Whilst his platoon had been waiting near Dikkebus there had been a bombing raid with a number falling near the men forcing them to take cover. When they fell in again Nicholson was gone.
In his defence Nicholson simply stated: “When the bomb dropped, I got nervous. I can’t say anything else.”
Nicholson’s Court Martial took place on the 8th October 1917, by chance two days later his twin brother John was killed near Ieper whilst serving with the 2nd Bn Essex Regiment. He is buried in Poelcapelle British Cemetery (Grave: XLVI D 6).
Guardsman Isaac Reid 8752
2nd Bn Scots Guards
Died on 9th April 1915
Grave: III B 26
Shot at dawn for desertion
Private Reid deserted during the Battle of Neuve Chapelle on the 11th March 1915. He was arrested a few hours later and admitted that he had lost his head in the midst of battle. Although found guilty a recommendation was made for mercy. Such was not forthcoming from higher command and Reid was executed on the 9th April. Originally buried in Laventie Communal Cemetery his body was later transferred to St Omer (along with the other CWGC burials) as the communal cemetery was in need of the space.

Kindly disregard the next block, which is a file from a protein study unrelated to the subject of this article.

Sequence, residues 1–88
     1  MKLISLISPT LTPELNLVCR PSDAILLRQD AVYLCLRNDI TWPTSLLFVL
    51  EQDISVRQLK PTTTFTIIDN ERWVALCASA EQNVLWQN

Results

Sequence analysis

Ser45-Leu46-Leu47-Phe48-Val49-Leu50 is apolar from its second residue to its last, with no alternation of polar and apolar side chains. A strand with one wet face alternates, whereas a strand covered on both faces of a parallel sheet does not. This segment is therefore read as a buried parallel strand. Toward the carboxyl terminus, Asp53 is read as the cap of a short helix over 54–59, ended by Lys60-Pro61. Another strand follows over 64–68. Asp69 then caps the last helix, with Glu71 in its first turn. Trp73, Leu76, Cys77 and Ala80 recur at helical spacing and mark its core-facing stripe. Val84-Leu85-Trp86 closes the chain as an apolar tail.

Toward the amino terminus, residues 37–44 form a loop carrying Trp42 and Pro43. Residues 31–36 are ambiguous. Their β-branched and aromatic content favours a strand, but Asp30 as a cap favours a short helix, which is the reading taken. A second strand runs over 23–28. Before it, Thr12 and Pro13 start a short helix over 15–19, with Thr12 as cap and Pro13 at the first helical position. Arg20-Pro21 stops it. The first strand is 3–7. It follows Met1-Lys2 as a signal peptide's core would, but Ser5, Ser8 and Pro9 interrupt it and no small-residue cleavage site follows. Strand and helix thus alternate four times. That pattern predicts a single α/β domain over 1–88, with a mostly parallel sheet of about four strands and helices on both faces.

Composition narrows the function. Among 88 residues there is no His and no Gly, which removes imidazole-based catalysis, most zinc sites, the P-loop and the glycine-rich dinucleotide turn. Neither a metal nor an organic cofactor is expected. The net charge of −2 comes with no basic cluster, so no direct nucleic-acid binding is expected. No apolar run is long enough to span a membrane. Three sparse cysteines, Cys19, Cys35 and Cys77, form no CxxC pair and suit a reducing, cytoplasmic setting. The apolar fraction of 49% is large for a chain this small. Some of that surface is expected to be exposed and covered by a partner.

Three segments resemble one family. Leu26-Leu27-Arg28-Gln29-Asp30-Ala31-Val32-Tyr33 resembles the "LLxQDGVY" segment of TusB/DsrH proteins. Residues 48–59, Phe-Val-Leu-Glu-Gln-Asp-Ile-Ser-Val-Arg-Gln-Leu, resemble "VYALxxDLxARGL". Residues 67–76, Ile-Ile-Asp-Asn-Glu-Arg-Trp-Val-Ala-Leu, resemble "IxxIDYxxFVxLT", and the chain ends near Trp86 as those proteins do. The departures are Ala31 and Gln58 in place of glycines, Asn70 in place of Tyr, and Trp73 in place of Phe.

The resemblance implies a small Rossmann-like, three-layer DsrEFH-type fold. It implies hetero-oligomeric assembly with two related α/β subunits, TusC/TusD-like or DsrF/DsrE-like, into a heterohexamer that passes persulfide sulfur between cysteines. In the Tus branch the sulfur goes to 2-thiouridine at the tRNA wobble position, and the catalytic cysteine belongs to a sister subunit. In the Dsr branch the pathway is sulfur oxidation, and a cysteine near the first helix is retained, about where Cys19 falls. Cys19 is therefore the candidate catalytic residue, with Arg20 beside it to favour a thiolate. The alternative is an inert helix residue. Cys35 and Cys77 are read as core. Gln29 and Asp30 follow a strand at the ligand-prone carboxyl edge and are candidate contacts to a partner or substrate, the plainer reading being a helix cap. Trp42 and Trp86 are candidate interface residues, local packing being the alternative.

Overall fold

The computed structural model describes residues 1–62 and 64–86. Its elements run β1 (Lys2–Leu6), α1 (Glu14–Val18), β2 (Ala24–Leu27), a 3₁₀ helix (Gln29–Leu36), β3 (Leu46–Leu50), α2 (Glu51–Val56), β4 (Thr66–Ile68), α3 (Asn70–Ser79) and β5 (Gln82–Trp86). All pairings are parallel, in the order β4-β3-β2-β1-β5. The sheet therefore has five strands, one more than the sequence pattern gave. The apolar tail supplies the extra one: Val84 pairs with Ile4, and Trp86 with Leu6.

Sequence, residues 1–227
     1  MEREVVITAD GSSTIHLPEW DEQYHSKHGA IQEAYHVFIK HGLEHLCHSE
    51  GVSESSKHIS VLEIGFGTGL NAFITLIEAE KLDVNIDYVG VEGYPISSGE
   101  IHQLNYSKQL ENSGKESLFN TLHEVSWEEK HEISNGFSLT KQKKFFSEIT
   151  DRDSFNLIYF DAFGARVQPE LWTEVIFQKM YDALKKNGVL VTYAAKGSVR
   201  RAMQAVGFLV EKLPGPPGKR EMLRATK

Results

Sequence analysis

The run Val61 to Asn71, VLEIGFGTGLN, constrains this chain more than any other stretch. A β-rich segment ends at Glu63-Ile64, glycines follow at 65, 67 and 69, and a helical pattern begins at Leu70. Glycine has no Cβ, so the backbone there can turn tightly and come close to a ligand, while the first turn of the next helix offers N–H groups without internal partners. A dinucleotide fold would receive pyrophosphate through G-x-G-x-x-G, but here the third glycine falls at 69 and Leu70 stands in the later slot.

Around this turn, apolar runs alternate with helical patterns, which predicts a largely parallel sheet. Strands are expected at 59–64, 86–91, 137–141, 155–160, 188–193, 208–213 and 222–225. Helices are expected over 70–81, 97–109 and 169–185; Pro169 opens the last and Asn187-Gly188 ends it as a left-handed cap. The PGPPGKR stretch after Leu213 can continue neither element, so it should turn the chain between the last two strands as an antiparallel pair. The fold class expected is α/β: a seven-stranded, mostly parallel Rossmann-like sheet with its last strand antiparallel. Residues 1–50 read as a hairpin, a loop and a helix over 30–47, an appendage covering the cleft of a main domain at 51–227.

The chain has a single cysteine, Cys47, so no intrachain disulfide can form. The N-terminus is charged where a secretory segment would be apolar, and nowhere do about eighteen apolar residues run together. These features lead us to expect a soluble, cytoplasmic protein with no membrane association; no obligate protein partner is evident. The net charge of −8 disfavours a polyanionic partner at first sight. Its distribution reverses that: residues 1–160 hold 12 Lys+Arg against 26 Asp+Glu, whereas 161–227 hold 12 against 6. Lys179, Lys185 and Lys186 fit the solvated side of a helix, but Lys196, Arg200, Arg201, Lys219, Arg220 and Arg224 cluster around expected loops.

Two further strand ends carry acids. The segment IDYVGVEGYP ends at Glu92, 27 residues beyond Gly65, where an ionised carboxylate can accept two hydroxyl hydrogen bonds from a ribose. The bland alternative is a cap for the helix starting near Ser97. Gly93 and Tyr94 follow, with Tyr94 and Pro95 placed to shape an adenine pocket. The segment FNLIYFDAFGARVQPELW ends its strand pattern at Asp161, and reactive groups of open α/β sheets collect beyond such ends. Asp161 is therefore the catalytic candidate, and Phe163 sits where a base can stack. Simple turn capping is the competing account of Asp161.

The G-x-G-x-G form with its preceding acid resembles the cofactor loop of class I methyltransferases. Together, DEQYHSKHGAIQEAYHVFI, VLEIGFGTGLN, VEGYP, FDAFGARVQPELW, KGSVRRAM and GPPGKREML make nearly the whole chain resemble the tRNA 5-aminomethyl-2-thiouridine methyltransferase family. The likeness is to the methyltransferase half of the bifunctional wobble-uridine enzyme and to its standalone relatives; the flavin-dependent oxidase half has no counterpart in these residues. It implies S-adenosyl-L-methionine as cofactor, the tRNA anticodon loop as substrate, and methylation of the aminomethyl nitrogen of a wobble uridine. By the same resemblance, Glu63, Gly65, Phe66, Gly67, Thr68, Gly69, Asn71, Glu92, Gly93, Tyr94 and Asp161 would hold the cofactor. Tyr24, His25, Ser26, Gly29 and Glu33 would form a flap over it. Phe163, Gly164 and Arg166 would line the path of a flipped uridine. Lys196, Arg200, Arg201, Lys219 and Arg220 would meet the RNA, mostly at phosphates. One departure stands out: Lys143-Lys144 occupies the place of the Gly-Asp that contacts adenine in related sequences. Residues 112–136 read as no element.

Private Edward Reynolds 404436
3rd Bn Canadian Infantry
Central Ontario Regiment
Died on 23rd August 1916 aged 20
Shot at dawn for desertion
An interesting case in that on 25th July 1916 Reynolds fell out from the ranks whilst his battalion was on its way to the front. When told to fall back in again he refused to do so.
Then on the 27th he reported to his transport lines stating that he had got lost. He was sent back to his Company the following day but never actually arrived, returning back to the transport lines. He was later charged with desertion and despite previous shows of bravery failed to receive a commuted sentence.
Private A Clever 25845